Managers report feeling isolated
As the economy recovers with its corresponding effect on workloads, a Deakin University academic has urged companies to make sure their middle managers have time for their friends.
Dr Melissa Parris, an expert on management and the day to day experiences of middle managers, said a lot of attention had been given to the impact of work on family roles.
"Less attention has been given to employees' relationships beyond their families, such as with friends and the wider community," she said.
"Yet these relationships provide people with much needed emotional and practical support and we need to pay attention to these as well."
Dr Parris' past research, has looked at the experiences of middle managers and the impact of work on their personal lives, particularly their friendships.
"Our research has shown friendships are very important to middle managers," Dr Parris said.
"Yet in dealing with the numerous demands on their time and energy it is their interaction with friends which often is the first part of their lives to be affected."
Dr Parris said friendships allowed middle managers to talk through some of their concerns, be it managing people in the workplace or projects they were working on. Such exchanges help to relieve the pressure they were feeling.
"Women especially, spoke about the emotional aspects of their lives and the benefits they gained from talking through these issues," she said.
"Men on the other hand spoke about the practical support they received from their friends as well as the security it gave them to try out ideas or approaches to problems."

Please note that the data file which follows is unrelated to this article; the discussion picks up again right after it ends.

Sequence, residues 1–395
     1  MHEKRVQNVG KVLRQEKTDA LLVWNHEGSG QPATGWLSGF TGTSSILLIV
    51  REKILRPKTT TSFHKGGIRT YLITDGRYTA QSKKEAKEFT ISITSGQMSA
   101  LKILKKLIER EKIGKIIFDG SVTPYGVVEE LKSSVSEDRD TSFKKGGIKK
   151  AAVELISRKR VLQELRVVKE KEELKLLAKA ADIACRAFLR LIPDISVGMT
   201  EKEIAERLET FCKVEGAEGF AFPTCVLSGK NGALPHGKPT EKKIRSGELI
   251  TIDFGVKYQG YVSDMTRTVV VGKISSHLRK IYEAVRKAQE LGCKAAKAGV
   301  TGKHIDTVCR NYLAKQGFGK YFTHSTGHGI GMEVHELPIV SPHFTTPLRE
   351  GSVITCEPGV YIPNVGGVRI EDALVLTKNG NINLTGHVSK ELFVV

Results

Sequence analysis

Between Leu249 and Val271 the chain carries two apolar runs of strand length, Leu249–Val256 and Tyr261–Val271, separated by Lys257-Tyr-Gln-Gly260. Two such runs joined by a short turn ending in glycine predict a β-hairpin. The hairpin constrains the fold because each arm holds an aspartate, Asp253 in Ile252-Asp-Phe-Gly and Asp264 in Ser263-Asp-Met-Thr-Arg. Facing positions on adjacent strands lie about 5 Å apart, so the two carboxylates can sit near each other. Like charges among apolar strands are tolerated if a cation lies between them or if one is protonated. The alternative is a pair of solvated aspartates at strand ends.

Dr Parris said middle managers also reported a sense of loneliness in their organisation, lacking someone with whom they could discuss certain issues. As a result they particularly valued their friends who understood the middle management experience.
"However when these managers dealt with the various demands on their attention, eg work and family, time with their friends was being sacrificed," she said.
"Middle managers in the study were particularly frustrated at the lack of control over their work time – for example, cancelling meeting with friends at short notice to deal with a last minute workplace situation."
Dr Parris said while friendships for both men and women could be 'kept going' at a superficial level with coffee catch ups, meaningful interactions suffered.
"Close friendships develop over time and need contact to build closeness and familiarity," she said.
"The middle managers we spoke to were questioning whether the time and energy devoted to their career progression was worth the reduced depth of friendship."
Dr Parris said the findings had implications for businesses and the community.
"Middle managers in the study were able to meet the demands placed on them at work, while their lives outside work carried the strain," she said.
"However the impact on their personal lives will eventually impact their workplace performance."
Dr Parris said one solution may be for businesses to provide managers with a true ability to engage in activities and friendships which will aid them as they continued to work.
"Yet there are challenges in this," she said. "The nature of the workplace setting, with often competing loyalties to different people and groups, may inhibit the development of voluntary and reciprocal friendships.
"The strain that work demands place on middle managers' friendships also has implications for the wider community as it reduces the person's support networks.
"If individuals have smaller groups of friends, they may have limited ability to seek advice and receive support relying instead on more formal community groups and organisations to fill the void."